CCTA Will Appeal CARB Decision to Supreme Court
The California Construction Trucking Association has stated it will appeal the decision handed down by the U.S. Court of Appeals for the Ninth Circuit that rejected CCTA's lawsuit challenging the legality of truck and bus regulations implemented by the California Air Resources Board.
This is the second time CCTA has lost a legal decision over this suit. The association originally filed suit in 2011 in state district court to stop the regulations from taking effect. In its argument, CCTA cited the Supremacy Clause of the U.S. Constitution and the Federal Aviation Administration Authorization Act.
The CARB regulations in question ban diesel-powered trucks that do not meet post-manufacturing emissions requirement from operating on California highways.
CCTA, which was known as the California Dump Truck Owners Association when the original suit wa filed, has stated the CARB regulations would cause its members to increase prices and alter routes and services to offset the cost of the regulation.
The association has contended that these rules violate a part of the FAAAA that prohibits states from enacting regulations which force changes “related to a price, route or service of any motor carrier … with respect to the transportation of property.”
A large part of the case has to do with whether CARB and the U.S. EPA may impose the regulations on vehicles manufactured before those rules took effect. The Clean Air Act does give CARB the ability to enact regulation over post-manufactured trucks. But CCTA argues that this is in conflict with a Federal statute that doesn’t allow a regulation to affect a motor carrier's business fundamentally.
The association pointed out that despite having two courts rule on the lawsuit, its core case has not been addressed.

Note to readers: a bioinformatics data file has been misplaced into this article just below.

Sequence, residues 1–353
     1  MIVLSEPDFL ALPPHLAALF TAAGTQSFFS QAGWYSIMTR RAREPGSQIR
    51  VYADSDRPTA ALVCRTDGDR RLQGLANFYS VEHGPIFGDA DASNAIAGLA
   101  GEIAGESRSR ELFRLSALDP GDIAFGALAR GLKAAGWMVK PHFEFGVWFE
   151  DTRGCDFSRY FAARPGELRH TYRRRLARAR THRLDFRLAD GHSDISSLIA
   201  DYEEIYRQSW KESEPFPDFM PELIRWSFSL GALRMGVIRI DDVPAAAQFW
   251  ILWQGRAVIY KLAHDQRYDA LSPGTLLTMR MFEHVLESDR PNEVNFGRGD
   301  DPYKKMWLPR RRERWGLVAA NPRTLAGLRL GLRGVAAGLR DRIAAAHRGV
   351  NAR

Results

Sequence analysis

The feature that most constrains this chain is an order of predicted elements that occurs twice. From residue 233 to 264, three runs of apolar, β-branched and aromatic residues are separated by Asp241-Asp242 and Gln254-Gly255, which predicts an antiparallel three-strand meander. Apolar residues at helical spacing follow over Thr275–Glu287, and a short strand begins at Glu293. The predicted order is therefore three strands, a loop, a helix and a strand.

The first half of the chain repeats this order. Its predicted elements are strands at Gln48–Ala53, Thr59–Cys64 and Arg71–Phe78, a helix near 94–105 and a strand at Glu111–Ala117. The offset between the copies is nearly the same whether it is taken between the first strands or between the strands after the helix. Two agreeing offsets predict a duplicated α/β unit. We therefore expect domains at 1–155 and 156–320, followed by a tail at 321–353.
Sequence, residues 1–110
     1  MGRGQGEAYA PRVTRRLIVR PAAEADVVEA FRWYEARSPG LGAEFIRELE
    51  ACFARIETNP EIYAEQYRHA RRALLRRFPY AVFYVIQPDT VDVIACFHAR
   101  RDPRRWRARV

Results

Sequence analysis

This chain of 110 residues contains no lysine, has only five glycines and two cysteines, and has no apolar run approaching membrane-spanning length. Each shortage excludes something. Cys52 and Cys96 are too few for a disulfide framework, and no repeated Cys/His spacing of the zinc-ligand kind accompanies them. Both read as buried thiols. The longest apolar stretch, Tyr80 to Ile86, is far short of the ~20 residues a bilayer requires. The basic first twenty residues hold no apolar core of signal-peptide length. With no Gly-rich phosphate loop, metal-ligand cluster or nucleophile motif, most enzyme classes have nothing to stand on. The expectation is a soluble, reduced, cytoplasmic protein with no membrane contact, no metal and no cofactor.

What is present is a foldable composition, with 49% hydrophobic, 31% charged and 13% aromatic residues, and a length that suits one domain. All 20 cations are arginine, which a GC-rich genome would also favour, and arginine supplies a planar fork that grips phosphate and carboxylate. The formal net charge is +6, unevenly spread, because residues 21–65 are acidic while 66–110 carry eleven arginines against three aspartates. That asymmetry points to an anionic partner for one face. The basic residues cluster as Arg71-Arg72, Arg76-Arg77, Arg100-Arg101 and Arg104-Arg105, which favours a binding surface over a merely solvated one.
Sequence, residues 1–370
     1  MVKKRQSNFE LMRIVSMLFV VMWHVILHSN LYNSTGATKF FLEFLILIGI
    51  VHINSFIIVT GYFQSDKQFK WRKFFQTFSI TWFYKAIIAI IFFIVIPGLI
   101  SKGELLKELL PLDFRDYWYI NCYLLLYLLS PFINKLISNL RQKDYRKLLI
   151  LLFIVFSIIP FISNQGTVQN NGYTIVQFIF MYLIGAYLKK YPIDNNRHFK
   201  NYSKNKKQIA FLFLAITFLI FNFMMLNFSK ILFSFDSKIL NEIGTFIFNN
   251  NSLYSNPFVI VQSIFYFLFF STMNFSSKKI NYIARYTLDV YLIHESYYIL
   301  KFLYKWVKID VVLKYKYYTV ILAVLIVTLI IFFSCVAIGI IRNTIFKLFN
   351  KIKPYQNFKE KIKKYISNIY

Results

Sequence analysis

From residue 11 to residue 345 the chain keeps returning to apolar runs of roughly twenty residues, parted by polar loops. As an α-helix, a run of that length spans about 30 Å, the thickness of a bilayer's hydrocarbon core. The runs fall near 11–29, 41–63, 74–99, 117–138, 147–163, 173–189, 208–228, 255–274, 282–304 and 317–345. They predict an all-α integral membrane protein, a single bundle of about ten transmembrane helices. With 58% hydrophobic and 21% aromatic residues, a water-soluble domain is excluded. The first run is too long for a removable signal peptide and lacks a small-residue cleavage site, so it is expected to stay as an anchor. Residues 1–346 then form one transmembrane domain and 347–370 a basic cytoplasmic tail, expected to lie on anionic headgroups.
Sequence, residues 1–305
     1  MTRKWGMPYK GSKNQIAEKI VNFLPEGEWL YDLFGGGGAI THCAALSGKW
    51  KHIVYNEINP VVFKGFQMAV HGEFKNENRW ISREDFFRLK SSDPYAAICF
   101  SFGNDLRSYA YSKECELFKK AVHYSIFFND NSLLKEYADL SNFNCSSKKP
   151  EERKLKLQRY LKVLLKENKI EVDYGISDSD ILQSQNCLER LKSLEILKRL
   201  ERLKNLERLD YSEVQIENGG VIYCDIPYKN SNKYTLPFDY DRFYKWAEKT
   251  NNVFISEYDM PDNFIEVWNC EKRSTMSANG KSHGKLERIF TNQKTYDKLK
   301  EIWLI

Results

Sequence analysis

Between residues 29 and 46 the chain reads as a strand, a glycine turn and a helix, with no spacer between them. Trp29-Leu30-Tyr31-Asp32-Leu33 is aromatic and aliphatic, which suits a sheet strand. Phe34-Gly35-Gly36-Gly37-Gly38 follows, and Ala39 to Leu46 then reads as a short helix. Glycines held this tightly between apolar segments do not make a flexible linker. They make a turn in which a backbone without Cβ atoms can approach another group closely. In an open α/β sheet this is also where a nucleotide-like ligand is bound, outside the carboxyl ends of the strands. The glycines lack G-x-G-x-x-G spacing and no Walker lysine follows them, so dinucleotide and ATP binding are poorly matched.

“We have never had a hearing on the merits of our legal argument,” Joe Rajkovacz, director of governmental affairs and communications for CCTA, told HDT. “This all got wrapped up in procedural issues brought by the Natural Resources Defense Council.”
An important aspect of the case is the potentially large impact of these environmnetal rules on smaller businesses-- including those with as few as one truck-- that CCTA represents.
According to Rajkovacz, small businesses often rely on lower overhead to compete with larger companies and smaller trucking companies keep and maintain trucks for many years longer than larger fleets, sometimes for decades.
While environmental regulations are meant to bring about change, in many instances, by forcing large businesses to comply with increasingly stringent standards, the challenge for a small businesse to comply can often be greater, stated Rajkovacz.
“If you forces small businesses to have to buy new equipment, they don’t get to go to Freightliner and say they’re going to buy 500 new trucks - give me special pricing,” said Rajkovacz. “They only buy one truck and they don’t get any volume purchasing.”
CCTA has 90 days to file an appeal with the U.S. Supreme Court. The Supreme Court receives about 10,000 petitions each year and usually grants and hears arguments in only 75 to 80 cases.
“You can’t be in the game unless you swing the bat-- to some degree what the courts decide is out of our hands.” said Rejkovacz. “Would we love to hit a homerun? Yeah, we would. But you still have to get up and swing the bat.”